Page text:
A New Calling
Kathleen Curran-Cheng

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Four years ago, my husband and son asked what I would like for Mother’s Day, and I said I would like them to take a yoga class with me. Little did I know that that class would start me on a new and transformative journey. A journey that continues and will continue, because yoga is not a 75-minute class but an ongoing exploration of oneself and the peace one can find and share. 

After our family class at what was then Baptiste Yoga, I was hooked. Oddly, as a former dancer and a Pilates instructor and practitioner, I had only taken a handful of yoga classes, and none had resonated or called me back. This Mother’s Day gift class did beckon me after the class was long over, and I eagerly heeded its call. I started to practice once, twice then three times a week. By this time, I was practicing at Down Under Yoga. One day, a flyer for the 200-hour teacher training caught my attention. Perhaps because of my dance background and the desire to understand movement anatomically and technically, I decided to enroll in the intensive training in September 2017. 

I began the training convinced I didn’t want to teach yoga; I wanted to learn. I had already begun to feel how powerful absolute focus is in yoga, and I wanted to take that feeling as far as I could. In addition to improving my asana, I wanted my knowledge of the history and philosophy of yoga to expand as well. I was also curious as to the meaning of “take my practice off the mat.” This was a phrase that I heard often repeated, but what did it mean? The amazing lead teachers of the training, and the many guest teachers and lecturers, thoroughly taught the poses — we often left sore and happily exhausted — but they also offered opportunities for discussion and moments of meditation. I had never meditated; I didn’t think I could because it is hard for me to stop moving my body let alone my mind. But like any physical practice, meditation is a practice and one I have adopted. I’m not always successful, and I often have to call my thoughts back to the moment, but there is something very powerful in stopping, sitting, breathing, and yes, quieting the mind.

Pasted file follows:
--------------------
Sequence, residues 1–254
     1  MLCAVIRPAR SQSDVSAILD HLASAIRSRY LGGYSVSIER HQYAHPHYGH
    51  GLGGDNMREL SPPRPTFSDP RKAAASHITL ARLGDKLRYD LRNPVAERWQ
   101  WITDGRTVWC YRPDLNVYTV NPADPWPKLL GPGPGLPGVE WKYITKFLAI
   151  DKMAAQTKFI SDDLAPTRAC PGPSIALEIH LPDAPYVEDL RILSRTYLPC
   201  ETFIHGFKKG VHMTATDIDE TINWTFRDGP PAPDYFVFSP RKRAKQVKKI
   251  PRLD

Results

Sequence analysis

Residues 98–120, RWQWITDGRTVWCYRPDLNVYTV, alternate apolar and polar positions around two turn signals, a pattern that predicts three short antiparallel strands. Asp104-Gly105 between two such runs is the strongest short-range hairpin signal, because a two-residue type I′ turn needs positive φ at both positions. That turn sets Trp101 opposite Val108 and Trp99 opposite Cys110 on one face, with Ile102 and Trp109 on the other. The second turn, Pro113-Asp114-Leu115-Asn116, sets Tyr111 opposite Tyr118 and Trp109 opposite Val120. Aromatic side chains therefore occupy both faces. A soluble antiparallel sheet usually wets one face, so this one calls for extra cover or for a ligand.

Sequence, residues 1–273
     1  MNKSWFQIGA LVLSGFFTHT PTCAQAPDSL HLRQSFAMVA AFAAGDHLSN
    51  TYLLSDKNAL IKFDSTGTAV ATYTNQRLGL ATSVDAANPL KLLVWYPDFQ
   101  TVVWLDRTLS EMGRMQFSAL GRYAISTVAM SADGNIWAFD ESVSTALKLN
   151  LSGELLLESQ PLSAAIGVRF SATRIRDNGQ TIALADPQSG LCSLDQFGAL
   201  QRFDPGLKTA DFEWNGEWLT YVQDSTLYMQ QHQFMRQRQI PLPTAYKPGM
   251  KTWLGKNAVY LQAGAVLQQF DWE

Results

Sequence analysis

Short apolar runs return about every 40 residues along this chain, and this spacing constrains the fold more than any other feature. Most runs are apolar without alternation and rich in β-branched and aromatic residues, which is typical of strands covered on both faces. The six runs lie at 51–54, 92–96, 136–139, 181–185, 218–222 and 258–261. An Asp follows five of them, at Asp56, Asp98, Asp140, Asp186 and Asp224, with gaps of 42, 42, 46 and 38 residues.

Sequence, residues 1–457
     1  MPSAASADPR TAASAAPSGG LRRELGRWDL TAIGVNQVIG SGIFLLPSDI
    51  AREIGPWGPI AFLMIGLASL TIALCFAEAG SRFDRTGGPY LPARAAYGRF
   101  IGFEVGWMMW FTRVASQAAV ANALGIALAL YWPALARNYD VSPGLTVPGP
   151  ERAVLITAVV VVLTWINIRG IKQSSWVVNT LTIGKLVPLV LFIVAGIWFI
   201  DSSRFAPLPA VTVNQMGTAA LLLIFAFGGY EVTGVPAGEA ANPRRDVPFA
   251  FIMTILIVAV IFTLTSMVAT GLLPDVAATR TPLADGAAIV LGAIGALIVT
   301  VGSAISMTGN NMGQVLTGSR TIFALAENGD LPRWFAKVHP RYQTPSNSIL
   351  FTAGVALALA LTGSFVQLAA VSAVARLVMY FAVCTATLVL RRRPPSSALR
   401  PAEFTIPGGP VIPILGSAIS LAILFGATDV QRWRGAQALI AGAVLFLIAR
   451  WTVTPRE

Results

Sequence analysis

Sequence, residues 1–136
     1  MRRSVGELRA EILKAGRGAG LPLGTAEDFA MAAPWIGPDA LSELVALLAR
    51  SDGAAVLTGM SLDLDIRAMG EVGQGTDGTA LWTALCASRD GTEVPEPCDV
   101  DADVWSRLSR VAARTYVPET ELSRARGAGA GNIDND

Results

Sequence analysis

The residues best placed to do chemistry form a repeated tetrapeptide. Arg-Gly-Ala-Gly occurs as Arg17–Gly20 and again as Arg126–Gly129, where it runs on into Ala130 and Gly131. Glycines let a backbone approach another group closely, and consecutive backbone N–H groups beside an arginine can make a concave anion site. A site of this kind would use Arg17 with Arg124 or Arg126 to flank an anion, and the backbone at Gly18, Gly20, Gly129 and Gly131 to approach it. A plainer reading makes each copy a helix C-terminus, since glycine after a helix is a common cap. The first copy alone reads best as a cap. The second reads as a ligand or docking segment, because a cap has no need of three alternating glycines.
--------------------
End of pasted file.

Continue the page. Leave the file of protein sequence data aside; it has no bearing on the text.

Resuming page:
It wasn’t anyone discussion but the accumulation of many discussions, many voices, that led me to start understanding what it means to take my practice off the mat. Despite my predilection for perfection, I am learning to let go and take chances without an expectation of success — abhyasa vairagya. Acceptance brings peace. Peace is tied to kindness - kindness towards oneself and ultimately, kindness towards others. 

Breathing is such an important piece of finding the balance between effort and quiet, sthira and sukha and quality over quantity. Although I have always paired movement with breath, I found it different when practicing yoga. I ride the breath like a wave and try to open from deep within with each exhale then lift to the top of the wave with each inhale. When my body tires during class or my mind wanders while meditating, I return to my breath. When I am in the throes of everyday life — annoyed, disappointed, frustrated — I can now choose to return to my wave, my breath. 

After completing my 200-hour training, I find myself pondering why am I practicing and what do I want to do with my practice? The opportunity to practice is a gift. By practicing regularly, I continue to open my body, mind, and ultimately heart, so I can serve others. And this is what I have chosen to do with yoga. I have started to teach with Hands to Heart Center and the Prison Yoga Project, so I can present the gift that was given to me to others who may not be so fortunate. It has been a transformative journey, and I am thankful for the wonderful teachers and community I found at Down Under Yoga.